<p>Let $(S, d)$ be a metric space.</p>
<ul>
<li>The empty set is open</li>
<li>$X$ is open</li>
<li>The (possible infinite) union of open sets is open</li>
<li>The finite intersection of open sets is open</li>
</ul>
<p>We can make a few observations. First is that $X$ is always open. This means that even if $X$ is the closed interval $[0, 1)$ it is an open set, which seems to contradict the argument about $[0, 1)$ not being an open set $\in \mathbb{R}$. This is because openess is relative to the set $X$.</p>
<p>In this case, there’s no open ball about $x = 0$ in $X$ so there’s no neighborhood around $x$ to consider and thus since $[0, 1) \setminus \curly{0} = (0, 1)$ is open, $[0, 1)$ is open too.</p>
<p>The second observation is that an inifite union of open sets is open but an infinite intersection is not necessarily so. Here’s a counter example of an infinite intersection of open sets that is not open: Consider the metric space of the real line and the open sets of the form $(-\frac{1}{n}, \frac{1}{n})$, $n \in \mathbb{N}$. The infinite intersection of such open sets is:</p>
\[Z = \bigcap^{\infty}_{n = 0} (-\frac{1}{n}, \frac{1}{n})\]
<p>We claim that $Z = \curly{0}$. If not, without loss of generality, there exists $\epsilon \in Z$, $\epsilon \gt 0$. However, for a sufficiently large $n$ we have that $\frac{1}{n} < \epsilon$ so $\epsilon$ can’t be in $(-\frac{1}{n}, \frac{1}{n})$ and thus cannot be in $Z$.</p>
<p>And since $\curly{0}$ is not open in $\mathbb{R}$, we conclude our counter-example.</p>
<p>Open sets are the crux for topological spaces, as we’ll see later. First let’s work out some other concepts related to open sets.</p>
<h3 id="closed-set-limit-points-closure-border">Closed Set, Limit Points, Closure, Border</h3>
<p>Given a metric space $(X, d)$, a subset $C$ of $X$ is <strong>closed</strong> if it’s complement, $X \setminus C$, is open. It’s possible that a set is both closed and open, so it’s incorrect to define a closed set as “a set that is not open”.</p>
<p>Given a metric space $(X, d)$, the <strong>limit point</strong> of a subset $A$ is defined as the point $b \in X$ such that every neighborhood of $b$ includes some point of $A$ that is not $b$.</p>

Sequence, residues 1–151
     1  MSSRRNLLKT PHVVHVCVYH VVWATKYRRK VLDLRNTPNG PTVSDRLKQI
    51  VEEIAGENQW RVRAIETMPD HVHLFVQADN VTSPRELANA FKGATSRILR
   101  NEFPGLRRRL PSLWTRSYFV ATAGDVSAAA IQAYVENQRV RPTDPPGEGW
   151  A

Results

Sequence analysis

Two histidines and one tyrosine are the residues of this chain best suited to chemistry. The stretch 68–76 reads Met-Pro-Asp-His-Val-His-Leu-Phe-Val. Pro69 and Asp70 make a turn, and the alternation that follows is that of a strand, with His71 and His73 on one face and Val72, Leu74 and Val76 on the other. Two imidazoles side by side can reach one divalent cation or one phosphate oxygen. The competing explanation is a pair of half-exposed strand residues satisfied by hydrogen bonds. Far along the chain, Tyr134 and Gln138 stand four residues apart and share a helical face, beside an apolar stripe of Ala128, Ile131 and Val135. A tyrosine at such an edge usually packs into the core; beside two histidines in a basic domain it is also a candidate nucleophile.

<p>Note that $b$ need not to be in $A$. For example, if $A = (0, 1)$, then $0$ is a limit point of $A$ since every ball $B(0, \delta)$ must contain some element $\delta \in A$ while $0 \notin A$. Not all points in $A$ are limit points. For example, if $A = (0, 1) \cup \curly{2}$, element $2$ is not a limit point.</p>
<p>The union of a subset $A$ and its limit points is called a <strong>closure of</strong> $A$, denoted by $\overline{A}$. For example, if $A = (0, 1)$, $\overline{A} = [0, 1]$. Another definition for closed sets is that it’s equivalent to its closure, $A = \overline{A}$.</p>
<p>Finally the <strong>border</strong> of a set are the elements that only exist in the closure, that is $\overline{A} \setminus A$. Using again the example $A = (0, 1)$, we have that its border is $\curly{0, 1}$.</p>
<h2 id="toplogical-spaces">Toplogical Spaces</h2>
<p>A <strong>topological space</strong> consists of a set $X$ and a set $\tau$, a collection of subsets of $X$, satisfying the following properties:</p>
<ul>
<li>The empty set is in $\tau$</li>
<li>$X$ is in $\tau$</li>
<li>The (possible infinite) union of sets in $\tau$ is in $\tau$</li>
<li>The finite intersection of sets in $\tau$ is in $\tau$</li>
</ul>
<p>$\tau$ is called the <strong>topology</strong> of $X$. If we compare these properties with those of open sets in metric spaces they’re essentially the same.</p>
<p>So, given a metric space $(X, d)$, if we let $\tau$ be the collection of open sets of $X$, we get a topological space $(S, \tau)$. Thus, not coincidentally, the elements in $\tau$ are called <strong>open sets</strong>.</p>
<p>We can see that any metric space is a topological space but it’s possible to have $\tau$ satisfying the properties of open sets but that cannot be generated by any metric $d$. These are known as <strong>non-metrizable</strong> topological spaces. I don’t know anything about these, but [3] has some links.</p>
<p><strong>Example: The standard topology.</strong> This is the topology where $S = \mathbb{R}$ and $\tau$ is obtained from the open sets of the metric space $(\mathbb{R}, d)$, where $d$ is the Euclidean distance. In other words, it’s the topology of the real line and the open sets are all the open intervals and their unions.</p>
<h3 id="neighborhood-1">Neighborhood</h3>
<p>We can also define the concept of neighborhood for topological spaces. Given a topological space $(X, \tau)$, a subset $N$ of $X$ is a <strong>neighborhood of</strong> $x \in X$ if it contains at least one open set that contains $x$.</p>
<p>Note that we could have defined neighborhood in <em>metric spaces</em> in terms of open sets instead of open balls. Since open sets are unions of open balls, containing at least one open set implies containing at least one open ball and vice-versa.</p>